This means that if you want to use these current accounts as a home for your savings, you’ll have to open and maintain even more accounts to do this - and as mentioned above, that means you’ll have to be very organised with your finances.
Whenever you apply for a current account it’s recorded on your credit history.
Usually this isn’t a problem, but multiple applications in a short space of time can harm your ability to get credit in future.
You can minimise this by spacing out applications as much as possible and not applying for overdrafts you don’t need.
As current accounts typically have a set limit above which no interest will be paid, they're unlikely to be the best vehicles for long-term saving.
Compound interest is simply interest that's paid on interest, but it's important to understand the huge long-term benefits it can have on your assets - and the huge costs it can lead to if you have long-term debt.
Although a couple of current accounts can be useful for making the most of your money, especially if you have more than one income, juggling multiple accounts each month isn’t for the faint-hearted.
However, the rewards in terms of switching bonuses and interest could potentially add up to hundreds of pounds a year.
It’s far easier to keep track of lots of current accounts if you use online banking. You’ll be able to check your accounts at any time of the day or night, rather than waiting for monthly statements.
When it comes to meeting minimum funding for accounts, there's usually nothing saying you have to keep your money in the account - once you've deposited it in the account you're free to take it back out again.
In the age of internet banking, this means it's simple to maintain a number of accounts requiring minimum funding by setting up standing orders to pass your money from one to another.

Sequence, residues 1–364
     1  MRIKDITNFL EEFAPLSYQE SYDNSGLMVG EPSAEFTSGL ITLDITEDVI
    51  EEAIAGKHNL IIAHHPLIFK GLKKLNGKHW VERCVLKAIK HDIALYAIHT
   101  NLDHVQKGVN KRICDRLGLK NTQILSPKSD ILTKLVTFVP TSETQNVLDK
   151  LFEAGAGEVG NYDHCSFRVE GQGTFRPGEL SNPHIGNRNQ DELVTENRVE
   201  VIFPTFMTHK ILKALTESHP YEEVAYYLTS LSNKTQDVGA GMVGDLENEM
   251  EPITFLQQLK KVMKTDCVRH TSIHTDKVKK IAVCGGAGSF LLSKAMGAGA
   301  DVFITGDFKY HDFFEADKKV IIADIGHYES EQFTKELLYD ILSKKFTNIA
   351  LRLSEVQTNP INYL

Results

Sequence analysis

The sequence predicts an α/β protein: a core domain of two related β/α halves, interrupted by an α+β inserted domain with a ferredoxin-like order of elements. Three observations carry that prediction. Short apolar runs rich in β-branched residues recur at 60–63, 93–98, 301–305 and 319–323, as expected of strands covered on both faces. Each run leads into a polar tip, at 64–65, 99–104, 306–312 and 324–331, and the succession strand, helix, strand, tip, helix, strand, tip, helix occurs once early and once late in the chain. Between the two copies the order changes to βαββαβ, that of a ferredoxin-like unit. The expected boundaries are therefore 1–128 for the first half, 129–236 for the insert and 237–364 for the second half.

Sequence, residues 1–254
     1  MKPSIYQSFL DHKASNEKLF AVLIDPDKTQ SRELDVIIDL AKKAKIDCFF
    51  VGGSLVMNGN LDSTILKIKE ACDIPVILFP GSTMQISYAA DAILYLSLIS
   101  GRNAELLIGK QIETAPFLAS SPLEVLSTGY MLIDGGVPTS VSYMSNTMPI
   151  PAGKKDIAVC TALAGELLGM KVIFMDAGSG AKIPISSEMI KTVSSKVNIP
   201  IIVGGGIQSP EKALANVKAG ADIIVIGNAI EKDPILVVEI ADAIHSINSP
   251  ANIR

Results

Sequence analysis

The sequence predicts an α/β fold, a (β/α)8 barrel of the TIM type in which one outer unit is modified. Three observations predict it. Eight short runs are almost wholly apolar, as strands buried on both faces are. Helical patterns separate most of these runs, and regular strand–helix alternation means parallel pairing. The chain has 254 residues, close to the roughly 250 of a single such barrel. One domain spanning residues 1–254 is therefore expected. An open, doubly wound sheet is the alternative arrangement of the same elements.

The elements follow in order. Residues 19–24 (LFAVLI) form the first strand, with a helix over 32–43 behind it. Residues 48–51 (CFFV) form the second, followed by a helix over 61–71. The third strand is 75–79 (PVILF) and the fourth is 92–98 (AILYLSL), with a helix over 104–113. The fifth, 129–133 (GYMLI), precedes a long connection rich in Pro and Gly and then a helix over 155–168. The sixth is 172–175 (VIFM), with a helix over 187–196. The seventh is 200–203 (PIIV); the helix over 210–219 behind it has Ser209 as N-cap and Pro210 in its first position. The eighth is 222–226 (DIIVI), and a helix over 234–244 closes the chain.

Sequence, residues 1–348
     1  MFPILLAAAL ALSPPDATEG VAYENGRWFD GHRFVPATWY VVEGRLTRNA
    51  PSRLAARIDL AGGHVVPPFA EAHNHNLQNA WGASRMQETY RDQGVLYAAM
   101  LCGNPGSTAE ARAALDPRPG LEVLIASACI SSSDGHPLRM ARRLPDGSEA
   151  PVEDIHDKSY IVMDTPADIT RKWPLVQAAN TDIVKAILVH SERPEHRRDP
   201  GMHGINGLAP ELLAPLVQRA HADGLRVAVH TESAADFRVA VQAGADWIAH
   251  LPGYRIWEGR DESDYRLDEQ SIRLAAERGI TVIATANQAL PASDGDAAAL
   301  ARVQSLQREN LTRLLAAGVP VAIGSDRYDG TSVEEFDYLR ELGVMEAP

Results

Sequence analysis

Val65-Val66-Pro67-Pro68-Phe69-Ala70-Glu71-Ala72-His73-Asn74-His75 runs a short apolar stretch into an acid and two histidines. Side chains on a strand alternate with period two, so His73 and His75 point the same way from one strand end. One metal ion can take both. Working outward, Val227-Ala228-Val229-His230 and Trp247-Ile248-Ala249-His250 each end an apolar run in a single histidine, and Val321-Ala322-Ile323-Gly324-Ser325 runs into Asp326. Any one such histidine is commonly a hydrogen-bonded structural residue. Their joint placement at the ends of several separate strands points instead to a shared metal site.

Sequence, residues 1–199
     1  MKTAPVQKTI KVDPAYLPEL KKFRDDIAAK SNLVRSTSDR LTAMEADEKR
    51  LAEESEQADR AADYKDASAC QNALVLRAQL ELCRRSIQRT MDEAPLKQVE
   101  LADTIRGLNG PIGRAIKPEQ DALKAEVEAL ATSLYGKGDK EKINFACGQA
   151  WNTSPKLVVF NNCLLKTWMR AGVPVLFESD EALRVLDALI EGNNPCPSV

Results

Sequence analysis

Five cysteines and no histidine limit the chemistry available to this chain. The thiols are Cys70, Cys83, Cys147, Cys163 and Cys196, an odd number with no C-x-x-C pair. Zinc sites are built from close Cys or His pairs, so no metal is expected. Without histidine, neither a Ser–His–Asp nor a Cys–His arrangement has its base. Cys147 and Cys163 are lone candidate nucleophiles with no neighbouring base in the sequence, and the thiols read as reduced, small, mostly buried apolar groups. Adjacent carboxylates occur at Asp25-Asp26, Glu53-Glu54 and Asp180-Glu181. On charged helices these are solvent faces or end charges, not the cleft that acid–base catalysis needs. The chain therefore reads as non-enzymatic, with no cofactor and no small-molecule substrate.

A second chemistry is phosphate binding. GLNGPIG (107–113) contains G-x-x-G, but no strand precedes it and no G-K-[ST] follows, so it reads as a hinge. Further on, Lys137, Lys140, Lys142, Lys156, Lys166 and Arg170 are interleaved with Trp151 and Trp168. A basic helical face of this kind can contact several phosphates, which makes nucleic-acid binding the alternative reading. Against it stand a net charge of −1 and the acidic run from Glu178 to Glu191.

Simply create an automated payment on certain days of the month so your money moves through each account in turn before landing back in the account it started in.
Done right, this can be a very effective way to fund multiple high interest accounts you’re using for savings - but you will need to give some thought to the cycle of payment to make sure you don’t inadvertently send any of the accounts overdrawn at any point.
Many banks limit you to just one high interest or bonus paying account per customer.
However, if you bank jointly with someone else, some will allow you to have one personal and one joint account.
This means that a couple might be able to have three high-interest paying accounts with one bank - one personal one each and a joint one between them.
Although it’s easy to be wooed by the glut of great deals out there, it’s a good idea to start slowly with multiple accounts.
Not only will this gradually let you get used to the organisation needed, but you’re less likely to damage your credit history with a number of applications made in a short space of time.
One tactic some multiple account users have to make the most of switching bonuses is to create a donor account.
This is where they set up a second account, often a simple basic bank account, and then set up a few small, regular direct debit payments on it.
They then use this account to switch to providers offering bonuses.
Be aware that this tactic can have a detrimental effect on your credit record if you make frequent applications, while some providers may refuse you an account on the grounds it’s not your main account you’re switching or it isn’t funded by your salary.